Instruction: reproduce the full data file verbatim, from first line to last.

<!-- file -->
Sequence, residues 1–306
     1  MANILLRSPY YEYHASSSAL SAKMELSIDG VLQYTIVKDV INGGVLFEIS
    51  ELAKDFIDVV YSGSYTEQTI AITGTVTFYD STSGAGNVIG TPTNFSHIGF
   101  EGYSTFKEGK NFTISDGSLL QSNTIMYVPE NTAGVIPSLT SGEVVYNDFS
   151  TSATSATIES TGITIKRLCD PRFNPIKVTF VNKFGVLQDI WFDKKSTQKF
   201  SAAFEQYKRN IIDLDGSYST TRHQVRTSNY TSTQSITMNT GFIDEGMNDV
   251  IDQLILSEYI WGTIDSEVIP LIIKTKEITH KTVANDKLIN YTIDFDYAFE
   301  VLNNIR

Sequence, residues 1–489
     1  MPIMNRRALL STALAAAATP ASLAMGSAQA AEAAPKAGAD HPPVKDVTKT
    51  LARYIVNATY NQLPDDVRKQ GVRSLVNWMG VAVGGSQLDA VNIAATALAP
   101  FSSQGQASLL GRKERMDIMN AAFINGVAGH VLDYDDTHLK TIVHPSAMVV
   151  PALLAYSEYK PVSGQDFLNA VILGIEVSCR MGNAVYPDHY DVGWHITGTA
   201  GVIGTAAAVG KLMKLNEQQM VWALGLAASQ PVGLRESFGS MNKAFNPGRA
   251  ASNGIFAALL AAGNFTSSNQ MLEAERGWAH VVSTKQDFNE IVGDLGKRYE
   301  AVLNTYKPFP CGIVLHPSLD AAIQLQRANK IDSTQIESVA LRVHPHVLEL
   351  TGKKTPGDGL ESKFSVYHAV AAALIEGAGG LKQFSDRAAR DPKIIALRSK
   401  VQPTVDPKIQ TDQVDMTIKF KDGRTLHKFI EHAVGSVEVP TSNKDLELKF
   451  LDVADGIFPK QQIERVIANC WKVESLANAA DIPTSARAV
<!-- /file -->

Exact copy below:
Sequence, residues 1–306
     1  MANILLRSPY YEYHASSSAL SAKMELSIDG VLQYTIVKDV INGGVLFEIS
    51  ELAKDFIDVV YSGSYTEQTI AITGTVTFYD STSGAGNVIG TPTNFSHIGF
   101  EGYSTFKEGK NFTISDGSLL QSNTIMYVPE NTAGVIPSLT SGEVVYNDFS
   151  TSATSATIES TGITIKRLCD PRFNPIKVTF VNKFGVLQDI WFDKKSTQKF
   201  SAAFEQYKRN IIDLDGSYST TRHQVRTSNY TSTQSITMNT GFIDEGMNDV
   251  IDQLILSEYI WGTIDSEVIP LIIKTKEITH KTVANDKLIN YTIDFDYAFE
   301  VLNNIR

Sequence, residues 1–489
     1  MPIMNRRALL STALAAAATP ASLAMGSAQA AEAAPKAGAD HPPVKDVTKT
    51  LARYIVNATY NQLPDDVRKQ GVRSLVNWMG VAVGGSQLDA VNIAATALAP
   101  FSSQGQASLL GRKERMDIMN AAFINGVAGH VLDYDDTHLK TIVHPSAMVV
   151  PALLAYSEYK PVSGQDFLNA VILGIEVSCR MGNAVYPDHY DVGWHITGTA
   201  GVIGTAAAVG KLMKLNEQQM VWALGLAASQ PVGLRESFGS MNKAFNPGRA
   251  ASNGIFAALL AAGNFTSSNQ MLEAERGWAH VVSTKQDFNE IVGDLGKRYE
   301  AVLNTYKPFP CGIVLHPSLD AAIQLQRANK IDSTQIESVA LRVHPHVLEL
   351  TGKKTPGDGL ESKFSVYHAV AAALIEGAGG LKQFSDRAAR DPKIIALRSK
   401  VQPTVDPKIQ TDQVDMTIKF KDGRTLHKFI EHAVGSVEVP TSNKDLELKF
   451  LDVADGIFPK QQIERVIANC WKVESLANAA DIPTSARAV